Generally obsessed with the boho-casual look, Israeli clothing shops like Profil and Dreadlocks fit the bill in the clothing department. Those who like to cover up for personal or religious reasons can also usually find more modest fashions in lightweight fabrics in fashion boutiques like these.
For curvy ladies, it also doesn’t hurt to come equipped with thigh-saving shorts like these. A true lifesaver that keeps your thighs from sticking and chaffing under those sundresses!
- Find the nearest (free) water park
Water parks are fun, but who wants to fork over money for an entrance fee, and then deal with massive lines? Luckily Israel is a family-friendly place, a fact evident in the sheer number of well-kept children’s playgrounds you can find across the country. Come summer, some of these parks transform into free public water fountain parks! Visit Teddy Park in Jerusalem or Gan B’Ivrit in Rishon LeTzion to see what we mean.
- Make your own fruit shakes/ice pops
Israeli kids may live off shlukim (push pops) and barad (slushies) in the summertime but buying these items plus other favorites like fresh fruit shakes and the beach-side favorite — watermelon and feta-like Bulgarian cheese — can get expensive, fast.
Making shakes and natural ice pops like these at home is a snap if you have some basic equipment. Try this recipe using some of the glorious Israeli fruits available during this time of year such as giant sweet-as-candy mangoes and sublimely refreshing fresh figs.
- Mind your time
Consider the sun’s peak hours and try to avoid them if possible. That means either heading out early or going out once the sun has already set (although the heat doesn’t necessarily subside in the evenings during the summertime).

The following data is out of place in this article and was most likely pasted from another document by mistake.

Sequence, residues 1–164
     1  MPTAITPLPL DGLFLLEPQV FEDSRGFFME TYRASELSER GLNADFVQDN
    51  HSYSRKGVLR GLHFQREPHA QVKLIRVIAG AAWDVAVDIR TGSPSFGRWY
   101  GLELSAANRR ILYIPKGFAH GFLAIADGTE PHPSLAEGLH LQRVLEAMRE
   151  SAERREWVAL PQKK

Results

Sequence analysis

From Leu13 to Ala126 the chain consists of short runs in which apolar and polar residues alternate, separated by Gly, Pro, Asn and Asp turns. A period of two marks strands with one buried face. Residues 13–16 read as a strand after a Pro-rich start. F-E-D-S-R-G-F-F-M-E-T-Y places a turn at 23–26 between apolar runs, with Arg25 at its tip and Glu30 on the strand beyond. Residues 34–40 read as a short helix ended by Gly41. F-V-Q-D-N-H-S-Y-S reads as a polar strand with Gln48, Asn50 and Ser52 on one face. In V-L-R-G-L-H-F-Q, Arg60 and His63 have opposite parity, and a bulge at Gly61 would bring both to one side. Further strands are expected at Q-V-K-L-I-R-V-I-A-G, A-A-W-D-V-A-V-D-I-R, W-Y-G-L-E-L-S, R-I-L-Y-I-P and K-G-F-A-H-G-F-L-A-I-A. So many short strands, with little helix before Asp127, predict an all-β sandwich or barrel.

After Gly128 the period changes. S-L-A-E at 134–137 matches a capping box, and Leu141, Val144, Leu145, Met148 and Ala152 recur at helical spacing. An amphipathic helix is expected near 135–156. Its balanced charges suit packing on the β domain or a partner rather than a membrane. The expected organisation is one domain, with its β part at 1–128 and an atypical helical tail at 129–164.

If you’re on vacation, either strategy lends itself well to the afternoon siesta, so you may want to plan accordingly and work an afternoon resting period in a cool place into your travelling schedule. If you do go out at night, heading to a breezy spot such as a public coastal beach promenade or a rooftop bar like any of these trendy spots is probably your best bet, while heading to national parks with water elements like the Jordan River in the Galilee or Shvil Hamaayanot (Springs Trail) just outside Jerusalem will help you keep cool in the morning hours.
- Keep your oven off
Stovetop cooking and cold dishes are more popular in Israel than oven-based cooking and baking, especially in the hot summer months. You might have noticed that Israelis typically have comically small stoves even in larger houses. This is because no one wants to make their home environment even warmer than it already is.
Consider eating light mini meals comprised of cold dishes throughout the day, or even outsourcing your meal by picking up lunch at a homestyle food place, such as Israel’s famous Azura Restaurant behind the Machane Yehuda Market in Jerusalem. After all, Israelis do generally fancy a more substantial lunch followed by a light and less filling evening meal.
- Conserve water
Last but not least, remember that despite Israel’s advanced water technology, which includes the desalination of seawater and the use of brackish water and treated wastewater for agricultural use, we are still a country with a water problem.
Israelis are taught from an early age that water is a precious commodity not to be wasted. Keeping this in mind in your own personal water usage while in Israel is not only appreciated, but the socially acceptable and right thing to do.
Check out some water-saving tips specific to Israel here and enjoy your time in Israel!